UK-Ireland customs centres plan criticised

By Aidan Fortune contact

- Last updated on GMT

UK-Ireland customs centres plan criticised

Related tags: Uk, Ireland, Brexit, Livestock

A plan to introduce customs posts a few miles on each site of the Northern Irish border has been heavily criticised.

As reported by Irish state broadcaster RTE, UK proposals for the Irish borders involved customs posts being erected on both sides of the border, but located five to ten miles from the actual border.

RTE reported the details of the proposals from technical papers sent from London to Brussels.

Irish Farmers Association (IFA) president Joe Healy has said that the proposal is not a credible alternative to the Backstop stating that the ‘Customs Clearance Centres’ are border posts under a different name.

“The purpose of the Backstop is to act as a fallback in the event that a future trade deal cannot address the NI Border issue to the UK and EU’s satisfaction,”​ said Healy. “This latest proposal is an attempt to put lipstick on a pig.  A customs post is a customs post, no matter what is called or where it’s located.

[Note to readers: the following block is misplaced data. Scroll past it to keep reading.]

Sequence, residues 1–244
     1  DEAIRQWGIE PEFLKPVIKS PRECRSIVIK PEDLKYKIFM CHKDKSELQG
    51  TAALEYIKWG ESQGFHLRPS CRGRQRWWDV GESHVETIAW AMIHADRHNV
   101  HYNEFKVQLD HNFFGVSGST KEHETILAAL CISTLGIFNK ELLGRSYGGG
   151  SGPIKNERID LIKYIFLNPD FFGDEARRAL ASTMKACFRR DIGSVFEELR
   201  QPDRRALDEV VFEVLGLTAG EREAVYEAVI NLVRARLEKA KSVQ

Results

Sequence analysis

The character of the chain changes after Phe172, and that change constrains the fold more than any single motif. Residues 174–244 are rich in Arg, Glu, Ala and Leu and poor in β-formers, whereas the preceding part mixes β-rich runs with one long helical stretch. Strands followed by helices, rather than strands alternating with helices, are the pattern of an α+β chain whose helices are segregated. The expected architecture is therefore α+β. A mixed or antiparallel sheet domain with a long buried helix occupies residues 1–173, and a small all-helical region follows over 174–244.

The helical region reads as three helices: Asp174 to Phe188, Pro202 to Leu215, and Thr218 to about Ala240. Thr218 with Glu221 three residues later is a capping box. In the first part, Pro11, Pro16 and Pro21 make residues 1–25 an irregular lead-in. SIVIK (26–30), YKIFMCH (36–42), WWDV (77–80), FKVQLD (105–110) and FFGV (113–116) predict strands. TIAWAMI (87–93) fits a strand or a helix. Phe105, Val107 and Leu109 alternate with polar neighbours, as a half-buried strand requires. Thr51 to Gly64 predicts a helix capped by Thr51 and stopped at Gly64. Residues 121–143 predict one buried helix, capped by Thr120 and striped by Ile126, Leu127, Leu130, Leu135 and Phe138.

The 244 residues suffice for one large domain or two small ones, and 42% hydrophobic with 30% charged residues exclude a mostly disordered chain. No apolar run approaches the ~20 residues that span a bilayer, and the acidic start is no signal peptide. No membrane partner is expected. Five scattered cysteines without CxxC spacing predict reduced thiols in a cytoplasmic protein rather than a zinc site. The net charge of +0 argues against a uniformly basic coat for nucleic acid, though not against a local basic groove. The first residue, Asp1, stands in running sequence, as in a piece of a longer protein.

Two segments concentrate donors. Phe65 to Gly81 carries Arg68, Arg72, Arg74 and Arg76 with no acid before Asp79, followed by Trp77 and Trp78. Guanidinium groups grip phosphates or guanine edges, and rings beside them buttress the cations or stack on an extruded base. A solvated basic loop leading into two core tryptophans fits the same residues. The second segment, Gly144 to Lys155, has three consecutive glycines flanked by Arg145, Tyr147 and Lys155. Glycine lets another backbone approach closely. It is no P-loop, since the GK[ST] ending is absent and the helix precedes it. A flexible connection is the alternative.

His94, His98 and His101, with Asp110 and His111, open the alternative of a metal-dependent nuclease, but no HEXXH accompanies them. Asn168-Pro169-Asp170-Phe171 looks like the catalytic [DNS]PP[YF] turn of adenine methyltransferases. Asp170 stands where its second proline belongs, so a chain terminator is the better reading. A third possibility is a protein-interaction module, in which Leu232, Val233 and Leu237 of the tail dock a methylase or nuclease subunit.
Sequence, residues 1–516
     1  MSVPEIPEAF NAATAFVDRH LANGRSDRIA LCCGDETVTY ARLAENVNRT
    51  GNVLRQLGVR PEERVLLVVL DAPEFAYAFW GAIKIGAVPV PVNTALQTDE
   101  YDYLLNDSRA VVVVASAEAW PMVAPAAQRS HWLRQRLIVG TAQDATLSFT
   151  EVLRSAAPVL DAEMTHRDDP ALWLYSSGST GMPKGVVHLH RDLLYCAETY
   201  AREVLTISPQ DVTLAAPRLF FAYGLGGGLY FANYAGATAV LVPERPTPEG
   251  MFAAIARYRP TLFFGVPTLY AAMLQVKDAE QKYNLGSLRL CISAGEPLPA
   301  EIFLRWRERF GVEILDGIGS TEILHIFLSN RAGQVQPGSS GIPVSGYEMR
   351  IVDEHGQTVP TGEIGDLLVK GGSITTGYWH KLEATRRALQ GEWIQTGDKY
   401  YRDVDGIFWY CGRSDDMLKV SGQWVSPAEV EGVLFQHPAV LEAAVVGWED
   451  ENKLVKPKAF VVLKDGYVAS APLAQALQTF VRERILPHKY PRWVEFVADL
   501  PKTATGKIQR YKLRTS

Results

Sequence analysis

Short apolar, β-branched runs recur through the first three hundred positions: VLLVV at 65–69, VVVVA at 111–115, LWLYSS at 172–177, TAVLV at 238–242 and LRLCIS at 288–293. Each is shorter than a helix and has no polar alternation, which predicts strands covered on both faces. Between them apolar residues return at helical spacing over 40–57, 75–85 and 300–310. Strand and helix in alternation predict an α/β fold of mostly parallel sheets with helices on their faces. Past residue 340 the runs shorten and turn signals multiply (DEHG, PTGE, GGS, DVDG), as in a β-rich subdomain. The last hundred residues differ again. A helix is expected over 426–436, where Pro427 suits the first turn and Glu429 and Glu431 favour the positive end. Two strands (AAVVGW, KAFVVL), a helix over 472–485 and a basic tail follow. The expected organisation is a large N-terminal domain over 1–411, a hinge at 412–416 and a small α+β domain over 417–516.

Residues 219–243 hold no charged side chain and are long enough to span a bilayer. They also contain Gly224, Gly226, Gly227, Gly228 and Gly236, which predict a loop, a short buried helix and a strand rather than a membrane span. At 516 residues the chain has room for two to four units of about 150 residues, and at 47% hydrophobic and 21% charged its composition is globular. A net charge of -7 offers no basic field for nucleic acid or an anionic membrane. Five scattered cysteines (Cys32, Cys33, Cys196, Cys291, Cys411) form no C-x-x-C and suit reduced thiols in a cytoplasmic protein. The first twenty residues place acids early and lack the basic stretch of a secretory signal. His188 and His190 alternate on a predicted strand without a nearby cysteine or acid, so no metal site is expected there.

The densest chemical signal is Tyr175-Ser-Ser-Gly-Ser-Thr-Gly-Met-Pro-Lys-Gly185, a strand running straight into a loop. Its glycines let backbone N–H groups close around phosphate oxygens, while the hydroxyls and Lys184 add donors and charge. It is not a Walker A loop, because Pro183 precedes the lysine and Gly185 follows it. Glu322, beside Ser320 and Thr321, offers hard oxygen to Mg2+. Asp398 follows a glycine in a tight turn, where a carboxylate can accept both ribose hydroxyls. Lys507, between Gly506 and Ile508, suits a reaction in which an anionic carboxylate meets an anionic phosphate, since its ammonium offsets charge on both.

“The Irish Government should reject this CCC proposal and stick with the Backstop which, after all, was agreed by the EU and the UK Government in the Joint Report of December 2017, when Boris Johnston was Foreign Secretary.”

The IFA wasn’t the only one to pour cold water on the idea. On Twitter, Irish Tánaiste and Minister for Foreign Affairs and Trade Simon Coveney said: “Non-Paper = Non-Starter. Time the EU had a serious proposal from the UK Govt if a #Brexit deal is to be achievable in October. NI and IRE deserves better!”

Taoiseach Leo Varadkar added: “People in the Republic of Ireland do not want a customs border between north and south.

“People in Northern Ireland don't want a customs border between north and south and no British government should seek to impose customs posts between the Republic of Ireland and the north of Ireland against the will of the people in Northern Ireland and the people in the Republic of Ireland.

“They are saying 'no' to customs posts between north and south. We are saying 'no' to customs posts between north and south. And no British government should try to impose on Ireland a solution opposed by people north and south.”

Speaking on the BBC, Prime Minister Boris Johnson said that these proposals were different to the ones that would actually be put forward.

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